“Operational Excellence is the point at which each and every employee can see the flow of value to the customer, and fix that flow before it breaks down.” – Kevin Duggan
There is always room for development, regardless of how lucrative or successful your business is. A company that stops developing stops making progress. Finding specific areas that require improvement, though, can be challenging. The procedure is frequently tricky and involves significant adjustments. However, sometimes change happens more subtly over time, slowly and gradually. One such modification is operational excellence (OpEx).
Simply put, operational excellence ensures that every aspect of a company, large or small, operates in an “excellent” way.
Any sector may leverage OpEx ideas to achieve market leadership, including continual innovation, flawless service, establishing an enjoyable workplace for employees, and cultivating a culture where everyone is always aware of the company’s mission. Everyone in a company that runs seamlessly is mindful of their role in the value flow to the client. They are able to recognize whether this flow is normal or abnormal and know how to correct any anomaly without management’s help.
Although it appears straightforward in theory, putting it into practice may be tricky since it requires having everyone, from managers to lower-level staff, on the same page. Approaching operational excellence can also be quite challenging as it is not an easy term to comprehend and can often be too ambitious.
McDonalds and Walmart are just two out of many companies where operational excellence is a strategic priority. All systems in such companies are built around the core aim of bringing highly efficient ordering and fulfilment systems. The many ways that businesses like Toyota, Motorola, Amazon, Apple, Disney, Tesla, Fastcap, and GE have used operational excellence to remain ahead of the competition have been commended by business leaders all over the world.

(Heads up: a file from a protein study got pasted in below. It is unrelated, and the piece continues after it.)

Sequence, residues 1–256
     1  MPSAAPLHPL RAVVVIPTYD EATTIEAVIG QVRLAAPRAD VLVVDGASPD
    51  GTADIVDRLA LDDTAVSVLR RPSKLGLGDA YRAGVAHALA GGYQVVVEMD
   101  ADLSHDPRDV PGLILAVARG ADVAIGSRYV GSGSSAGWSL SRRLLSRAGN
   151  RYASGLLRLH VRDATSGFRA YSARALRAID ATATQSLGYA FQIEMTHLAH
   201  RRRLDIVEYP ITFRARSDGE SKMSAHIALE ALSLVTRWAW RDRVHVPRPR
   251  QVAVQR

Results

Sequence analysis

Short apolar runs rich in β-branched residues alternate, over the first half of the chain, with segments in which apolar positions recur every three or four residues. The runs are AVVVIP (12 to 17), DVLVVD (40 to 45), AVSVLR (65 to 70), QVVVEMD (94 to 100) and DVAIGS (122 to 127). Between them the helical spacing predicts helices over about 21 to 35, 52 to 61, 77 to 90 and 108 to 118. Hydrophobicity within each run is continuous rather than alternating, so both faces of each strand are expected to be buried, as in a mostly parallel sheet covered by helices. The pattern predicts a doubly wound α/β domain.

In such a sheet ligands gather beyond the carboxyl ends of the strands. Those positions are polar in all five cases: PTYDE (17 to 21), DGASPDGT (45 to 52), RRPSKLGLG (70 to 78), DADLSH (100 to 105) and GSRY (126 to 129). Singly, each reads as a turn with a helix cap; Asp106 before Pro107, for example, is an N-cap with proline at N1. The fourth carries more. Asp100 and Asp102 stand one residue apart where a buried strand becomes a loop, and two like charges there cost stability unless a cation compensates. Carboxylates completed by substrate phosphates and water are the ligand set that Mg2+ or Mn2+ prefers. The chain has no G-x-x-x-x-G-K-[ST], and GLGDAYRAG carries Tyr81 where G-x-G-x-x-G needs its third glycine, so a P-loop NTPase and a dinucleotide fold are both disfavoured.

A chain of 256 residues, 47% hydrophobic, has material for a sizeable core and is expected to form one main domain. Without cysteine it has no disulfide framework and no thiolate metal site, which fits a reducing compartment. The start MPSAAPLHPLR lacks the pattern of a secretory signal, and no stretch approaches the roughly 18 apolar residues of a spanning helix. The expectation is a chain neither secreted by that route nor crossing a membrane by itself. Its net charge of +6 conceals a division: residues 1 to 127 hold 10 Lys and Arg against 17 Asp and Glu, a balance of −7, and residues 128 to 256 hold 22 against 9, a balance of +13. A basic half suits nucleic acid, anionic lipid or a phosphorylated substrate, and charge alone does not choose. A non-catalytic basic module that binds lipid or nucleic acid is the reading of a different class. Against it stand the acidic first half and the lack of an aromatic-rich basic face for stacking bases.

Toyota – After the Second World War, Toyota Motor Company was battling to stay afloat in 1950. In contrast to Ford Motor Company, their main rival, who produced 7,000 vehicles each day, they were only manufacturing 2,685 automobiles annually. They went to engineers Shigeo Shingo and Taiichi Ohno, who developed a lean manufacturing strategy to produce more automobiles with fewer resources like equipment, laborers, materials, and resources like time and energy. Any Toyota facility across the world will be running as efficiently as possible thanks to Lean Manufacturing. Toyota is one of the biggest, most successful vehicle manufacturing firms thanks to its leadership in the adoption and sustainability of OpEx.
Amazon – Their adaptable business model serves as a model for many other businesses. They handle sourcing and distribution on such a large scale, deal with millions of clients, have perfected customer service, and are able to capitalize on and succeed in any business.